[sldev] My question about intellectual property and Second Life

Jan Ciger jan.ciger at gmail.com
Fri Aug 29 05:14:28 PDT 2008

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Argent Stonecutter wrote:

| If you want to abolish the term, you have to at the very least come up
| with a better blanket term and popularize that.

The idea is not to abolish the term, but the concept. There is copyright
and there are patents and other things, but not one umbrella thing -
that is the misleading part of it.

| It only needs to be a valid license in California and Texas.
| Your idea of using German cut-outs is charming, but the law does not
| work that way. Perhaps you can ignore the GPL in Germany, but you can't
| sell your GPL-violating products back to someone in the US.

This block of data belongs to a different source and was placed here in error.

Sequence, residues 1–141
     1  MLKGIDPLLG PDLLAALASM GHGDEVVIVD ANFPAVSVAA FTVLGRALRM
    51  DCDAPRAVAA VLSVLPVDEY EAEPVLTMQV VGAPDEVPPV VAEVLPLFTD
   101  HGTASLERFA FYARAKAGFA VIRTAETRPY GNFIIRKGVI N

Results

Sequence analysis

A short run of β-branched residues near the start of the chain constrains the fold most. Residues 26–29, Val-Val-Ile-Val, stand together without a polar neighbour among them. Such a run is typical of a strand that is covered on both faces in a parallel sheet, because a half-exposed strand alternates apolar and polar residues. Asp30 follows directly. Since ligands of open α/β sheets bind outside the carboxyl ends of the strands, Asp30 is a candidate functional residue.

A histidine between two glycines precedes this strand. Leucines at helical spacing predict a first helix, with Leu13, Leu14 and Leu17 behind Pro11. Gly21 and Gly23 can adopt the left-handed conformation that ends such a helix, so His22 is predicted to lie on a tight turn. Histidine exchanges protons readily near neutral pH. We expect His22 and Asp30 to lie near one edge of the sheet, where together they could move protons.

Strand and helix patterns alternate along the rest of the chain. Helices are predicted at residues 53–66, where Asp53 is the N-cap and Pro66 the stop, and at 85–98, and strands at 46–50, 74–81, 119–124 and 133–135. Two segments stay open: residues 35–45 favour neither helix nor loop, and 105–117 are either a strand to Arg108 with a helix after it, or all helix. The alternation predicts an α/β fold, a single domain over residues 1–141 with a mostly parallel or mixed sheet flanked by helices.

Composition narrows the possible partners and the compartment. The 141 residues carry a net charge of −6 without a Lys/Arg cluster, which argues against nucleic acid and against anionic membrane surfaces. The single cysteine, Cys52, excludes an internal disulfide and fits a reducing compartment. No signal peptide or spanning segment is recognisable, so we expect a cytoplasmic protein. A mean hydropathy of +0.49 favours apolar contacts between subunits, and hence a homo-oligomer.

| Second Life operates out of California and has an office in Texas. When
| you log in to SL, your "property" is in California and Texas. Not
| Germany or Japan or India or China.

Well, many European courts will strongly disagree with this notion. Once
you are offering the product on their "territory", you are covered by
their jurisdiction. I do not necessarily agree with this notion, because
it could unleash lot of other problems, but this has been a position
courts have taken before.

Also, saying that I am bound by Californian/Texas law when I commit a
crime/tort in Germany and have never set a foot on the U.S. soil will be
interesting. You may get a default judgement, but how are you going to
enforce it? Forget extradition - and the act may not have even been
criminal/tort in Germany to start with.

Overall, international law is an extremely complex issue and trying to
"simplify" the matter by using misleading "simple" terms like
intellectual property only murks the water more.

However, I suggest we move this discussion elsewhere, I think this is
not an appropriate forum for it.



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